The easiest way to get a visa to Myanmar is to apply for it in Bangkok, at least in November of 2013.
I had discovered this site, which although from 2012, was super helpful about what to expect at the Myanmar Embassy in Bangkok : http://twotravelaholics.com/2013/04/07/how-to-get-a-myanmar-visa-in-bangkok/
I have just a few things to add from our trip in November 2013. (The dates are there as things are changing rapidly as Myanmar prepares itself for an influx of tourists…)
The lineup at the Myanmar Embassy was full of information and misinformation: you had to get the form at the photocopy place (you didn’t), you had to have a photocopy of your return ticket (we didn’t have a return ticket), you needed to list your work history for the last 10 years…
There’s lots of information out there, most of it wrong. Kind of like the internet. So here are two helpful hints.
- You have to pay in Thai baht, cash only. It’s not cheap so allow at least $60 worth of baht per person.
- The Myanmar Embassy web site doesn’t work that well but it does contain a link to a pdf their form: http://www.myanmarembassybkk.com/wp-content/uploads/2013/07/APPLICATION-FOR-ENTRY-TOURIST-VISA.pdf
- I would advise printing and filling it out at home to avoid being freaked out by the misinformation in the line. Then just hand it in there, along with two photos, which they will cut down if they are too big. You also to give them your passport – have an extra photocopy of your passport for yourself.
UPDATE: As of September 1st, 2014 they are hoping to allow you to apply for a Myanmar Visa online : http://evisa.moip.gov.mm/index.aspx
More Misinformation About Flights and Hotels
We waited until we had our visas in hand before we tried to organise a flight to Myanmar. Some of the travellers in the visa lineup had purchased tickets from AirAsia for $50 but the travel agent we went to quoted us $300 each. That was for a return ticket, another thing she insisted that we needed in order to land in Myanmar. This was more misinformation although we didn’t know it at the time.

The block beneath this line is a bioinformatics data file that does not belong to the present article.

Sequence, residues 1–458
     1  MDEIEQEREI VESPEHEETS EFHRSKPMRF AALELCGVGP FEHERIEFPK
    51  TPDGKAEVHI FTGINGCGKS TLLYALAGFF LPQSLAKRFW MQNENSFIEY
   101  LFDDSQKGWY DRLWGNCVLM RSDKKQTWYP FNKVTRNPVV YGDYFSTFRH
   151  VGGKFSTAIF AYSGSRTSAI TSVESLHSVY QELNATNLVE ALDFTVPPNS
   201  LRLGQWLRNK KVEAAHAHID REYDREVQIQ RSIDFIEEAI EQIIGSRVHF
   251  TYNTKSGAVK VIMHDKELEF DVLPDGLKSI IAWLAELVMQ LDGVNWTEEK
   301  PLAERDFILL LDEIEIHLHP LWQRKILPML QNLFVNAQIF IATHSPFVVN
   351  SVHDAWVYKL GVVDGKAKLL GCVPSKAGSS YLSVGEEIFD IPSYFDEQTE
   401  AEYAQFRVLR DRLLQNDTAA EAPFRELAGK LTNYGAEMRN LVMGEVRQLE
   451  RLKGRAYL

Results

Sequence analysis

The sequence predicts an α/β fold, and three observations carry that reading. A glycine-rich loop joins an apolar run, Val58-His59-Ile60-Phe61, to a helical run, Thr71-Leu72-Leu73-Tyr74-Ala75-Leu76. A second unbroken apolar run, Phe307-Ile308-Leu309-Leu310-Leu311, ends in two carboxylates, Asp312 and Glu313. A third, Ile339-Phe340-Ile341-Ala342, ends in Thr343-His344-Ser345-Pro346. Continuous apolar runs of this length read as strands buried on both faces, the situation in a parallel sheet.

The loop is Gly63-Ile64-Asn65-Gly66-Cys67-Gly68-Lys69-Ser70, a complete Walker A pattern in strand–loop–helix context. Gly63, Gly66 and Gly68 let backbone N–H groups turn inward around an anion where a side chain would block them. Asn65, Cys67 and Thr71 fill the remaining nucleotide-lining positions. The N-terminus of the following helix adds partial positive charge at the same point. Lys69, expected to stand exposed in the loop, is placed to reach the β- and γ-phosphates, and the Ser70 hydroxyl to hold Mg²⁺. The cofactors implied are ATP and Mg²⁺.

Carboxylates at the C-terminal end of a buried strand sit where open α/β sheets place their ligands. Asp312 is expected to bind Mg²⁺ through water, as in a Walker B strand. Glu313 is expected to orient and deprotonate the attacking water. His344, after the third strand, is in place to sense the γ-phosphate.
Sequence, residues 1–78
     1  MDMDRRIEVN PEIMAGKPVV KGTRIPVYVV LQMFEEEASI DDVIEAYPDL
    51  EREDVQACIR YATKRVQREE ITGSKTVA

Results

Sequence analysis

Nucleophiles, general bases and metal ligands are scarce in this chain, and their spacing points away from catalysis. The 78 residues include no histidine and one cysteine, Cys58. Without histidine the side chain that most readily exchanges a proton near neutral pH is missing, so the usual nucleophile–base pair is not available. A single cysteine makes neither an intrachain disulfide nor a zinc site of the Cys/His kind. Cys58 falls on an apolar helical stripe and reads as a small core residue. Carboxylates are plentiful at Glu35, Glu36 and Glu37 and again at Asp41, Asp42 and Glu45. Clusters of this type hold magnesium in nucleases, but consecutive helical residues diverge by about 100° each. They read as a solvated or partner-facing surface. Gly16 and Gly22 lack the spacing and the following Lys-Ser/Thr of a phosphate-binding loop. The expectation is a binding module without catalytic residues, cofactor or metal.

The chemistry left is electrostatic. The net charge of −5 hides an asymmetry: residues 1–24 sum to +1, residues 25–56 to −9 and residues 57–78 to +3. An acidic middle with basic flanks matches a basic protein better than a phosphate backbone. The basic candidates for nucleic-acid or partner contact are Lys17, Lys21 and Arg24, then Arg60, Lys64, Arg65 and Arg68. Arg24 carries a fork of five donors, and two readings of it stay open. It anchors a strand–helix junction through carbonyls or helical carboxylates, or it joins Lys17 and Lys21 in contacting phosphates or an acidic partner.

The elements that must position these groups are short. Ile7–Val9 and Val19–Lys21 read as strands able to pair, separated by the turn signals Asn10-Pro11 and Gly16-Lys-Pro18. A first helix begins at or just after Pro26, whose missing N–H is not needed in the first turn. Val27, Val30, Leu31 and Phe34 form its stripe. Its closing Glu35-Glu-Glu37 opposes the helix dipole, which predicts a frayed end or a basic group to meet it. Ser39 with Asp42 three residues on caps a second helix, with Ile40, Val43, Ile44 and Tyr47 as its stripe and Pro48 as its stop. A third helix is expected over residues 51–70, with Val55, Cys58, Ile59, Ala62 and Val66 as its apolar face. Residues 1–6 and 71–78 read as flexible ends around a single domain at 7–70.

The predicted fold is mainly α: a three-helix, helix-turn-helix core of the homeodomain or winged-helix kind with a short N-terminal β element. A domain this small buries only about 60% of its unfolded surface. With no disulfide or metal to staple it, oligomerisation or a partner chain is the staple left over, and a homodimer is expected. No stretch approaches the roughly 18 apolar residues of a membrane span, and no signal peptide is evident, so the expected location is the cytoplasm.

We found the same AirAsia tickets online but I have no idea where the other tourists got their $50 tickets – the online (return) price was $285 each.
We decided to let her book the flight as it was probably easier. But then she demanded cash, so it wasn’t so easy after all – we had to go to a bank and wait a long time to get the money, and then when we went to pay for the tickets, the price had mysteriously gone up! I was feeling a bit ripped off – we probably should have done this online after all.
We also booked a hotel online through AGODA, and this too turned out to be a problem. The hotel, supposedly in ‘North Mandalay’, was actually in the next township and cost a small fortune to taxi back and forth from. AGODA doesn’t allow cancellations, which really got our trip off to a negative start.
So some more advice: book your flight online, and your hotel with someone other than AGODA.
The Good Nitty Gritty
Our fabulous hotel in Bangkok, the Sathorn Grace Serviced Residence, was only a few blocks away from the Myanmar Embassy, and it had a pool, something I considered a major plus because I don’t adapt very easily to extreme heat and humidity, something you can pretty well expect in Bangkok.
The Myanmar Embassy offered same day service which meant that we could go out in the morning, apply for the visas, come back and cool down by the pool, and then go out again and pick up the visas in the afternoon.
Sathorn Grace Serviced Residence 81/1 Soi Sathorn 11, Sathorn Tai Road, Yannawa, Sathorn, Sathorn, 10120 Bangkok, Thailand
We booked this hotel on booking.com, and the rates there were cheaper than what we could get at the front desk, when we tried to book it again for the end of our trip. The cost was approximately $37/night in November 2013.
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